Ducaton

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The ducaton, ducatone or ducatoon was a crown-sized silver coin of the 16th-18th centuries.

The first ducaton-type coin was the scudo known as the 'ducatone da soldi cento' (of 100 soldi), issued by Charles V, Holy Roman Emperor, in Milan in 1551. Ducatones were produced in greater numbers in numerous Italian states through the 17th century, spreading to other parts of the Spanish Empire, including Burgundy and the Netherlands - in 1618 the ducaton was produced in Brabant and Tournai comprising 32.48 grams of 0.944 silver depicting Albert and Isabella.

Silver rider

'Rider' ducaton, 1793, arms of Utrecht below the horse Utrecht Ducaton 82001327.jpg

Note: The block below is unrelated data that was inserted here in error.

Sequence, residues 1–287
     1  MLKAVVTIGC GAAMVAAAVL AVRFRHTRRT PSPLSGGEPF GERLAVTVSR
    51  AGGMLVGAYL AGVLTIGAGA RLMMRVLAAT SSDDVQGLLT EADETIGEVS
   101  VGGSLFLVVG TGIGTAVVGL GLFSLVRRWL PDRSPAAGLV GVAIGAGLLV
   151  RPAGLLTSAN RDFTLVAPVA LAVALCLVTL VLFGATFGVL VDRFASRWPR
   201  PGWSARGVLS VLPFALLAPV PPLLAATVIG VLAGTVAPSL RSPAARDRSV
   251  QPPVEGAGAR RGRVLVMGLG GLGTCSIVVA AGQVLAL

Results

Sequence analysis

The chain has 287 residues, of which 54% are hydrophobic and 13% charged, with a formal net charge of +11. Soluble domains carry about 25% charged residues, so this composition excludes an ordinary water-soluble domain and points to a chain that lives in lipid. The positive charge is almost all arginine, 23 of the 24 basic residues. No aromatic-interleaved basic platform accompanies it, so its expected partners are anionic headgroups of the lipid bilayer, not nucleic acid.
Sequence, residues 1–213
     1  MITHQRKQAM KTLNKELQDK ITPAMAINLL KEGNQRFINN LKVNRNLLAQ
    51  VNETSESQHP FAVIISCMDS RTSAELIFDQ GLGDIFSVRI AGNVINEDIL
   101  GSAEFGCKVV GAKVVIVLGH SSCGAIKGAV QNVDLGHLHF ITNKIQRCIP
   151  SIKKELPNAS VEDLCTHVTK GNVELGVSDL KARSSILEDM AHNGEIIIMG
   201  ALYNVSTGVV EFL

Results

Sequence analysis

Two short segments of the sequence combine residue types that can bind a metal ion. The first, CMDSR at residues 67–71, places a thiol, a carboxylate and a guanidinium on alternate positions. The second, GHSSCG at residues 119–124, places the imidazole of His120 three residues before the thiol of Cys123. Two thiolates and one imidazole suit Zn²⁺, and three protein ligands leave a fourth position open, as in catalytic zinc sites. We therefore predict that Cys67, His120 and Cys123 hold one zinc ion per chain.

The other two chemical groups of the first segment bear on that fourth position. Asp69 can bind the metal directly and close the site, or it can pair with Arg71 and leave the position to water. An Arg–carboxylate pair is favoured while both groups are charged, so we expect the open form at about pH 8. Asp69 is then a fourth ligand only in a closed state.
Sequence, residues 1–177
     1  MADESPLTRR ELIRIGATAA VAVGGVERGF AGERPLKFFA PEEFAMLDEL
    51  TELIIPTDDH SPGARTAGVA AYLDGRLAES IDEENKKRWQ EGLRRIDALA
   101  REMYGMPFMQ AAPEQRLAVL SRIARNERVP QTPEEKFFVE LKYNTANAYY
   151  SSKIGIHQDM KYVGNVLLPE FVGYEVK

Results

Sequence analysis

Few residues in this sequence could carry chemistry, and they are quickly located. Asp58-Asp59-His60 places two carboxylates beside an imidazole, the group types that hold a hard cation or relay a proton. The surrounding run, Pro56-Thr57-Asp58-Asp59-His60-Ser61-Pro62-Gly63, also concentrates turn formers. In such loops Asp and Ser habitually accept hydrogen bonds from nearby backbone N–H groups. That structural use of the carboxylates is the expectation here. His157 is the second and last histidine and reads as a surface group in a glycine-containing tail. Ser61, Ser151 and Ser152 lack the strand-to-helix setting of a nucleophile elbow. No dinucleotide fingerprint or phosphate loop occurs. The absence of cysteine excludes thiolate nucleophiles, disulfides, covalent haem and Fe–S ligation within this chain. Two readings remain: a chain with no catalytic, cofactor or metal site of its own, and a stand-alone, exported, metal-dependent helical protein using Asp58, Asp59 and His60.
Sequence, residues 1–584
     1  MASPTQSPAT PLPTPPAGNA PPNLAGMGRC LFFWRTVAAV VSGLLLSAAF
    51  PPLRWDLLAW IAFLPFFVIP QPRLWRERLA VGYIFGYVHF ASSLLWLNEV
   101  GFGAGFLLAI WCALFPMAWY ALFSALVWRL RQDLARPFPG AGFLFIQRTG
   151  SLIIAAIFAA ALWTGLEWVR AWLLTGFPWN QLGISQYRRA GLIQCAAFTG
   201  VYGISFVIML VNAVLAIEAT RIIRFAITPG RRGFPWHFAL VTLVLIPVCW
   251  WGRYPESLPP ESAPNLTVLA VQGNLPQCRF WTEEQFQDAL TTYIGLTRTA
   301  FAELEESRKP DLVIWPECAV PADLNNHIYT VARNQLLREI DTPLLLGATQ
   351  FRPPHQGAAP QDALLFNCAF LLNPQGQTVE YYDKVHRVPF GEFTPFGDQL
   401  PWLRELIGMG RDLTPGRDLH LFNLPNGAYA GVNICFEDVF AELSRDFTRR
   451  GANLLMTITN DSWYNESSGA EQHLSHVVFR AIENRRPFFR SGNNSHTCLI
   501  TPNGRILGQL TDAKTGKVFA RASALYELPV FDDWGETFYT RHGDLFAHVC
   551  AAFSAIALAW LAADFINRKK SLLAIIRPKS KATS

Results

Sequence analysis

'Rider' ducaton, 1793, arms of Utrecht below the horse

In 1659 the Dutch states started production of the 'silver rider' ducaton, featuring a mounted knight on horseback. This design weighing 32.779 grams of 0.941 silver also featured the crowned arms of the United Netherlands on the reverse, with a shield below the knight indicating the province of minting. Rider ducatons were minted until 1798. In the period 1726-1751 ducatons were minted bearing the monogram of the Dutch East India Company.

As a trade coin the familiar design of the Dutch rider helped it to compete against well-known world coins such as the Spanish dollar. It was valued at 60 stuivers.

See also

Similar silver coins:

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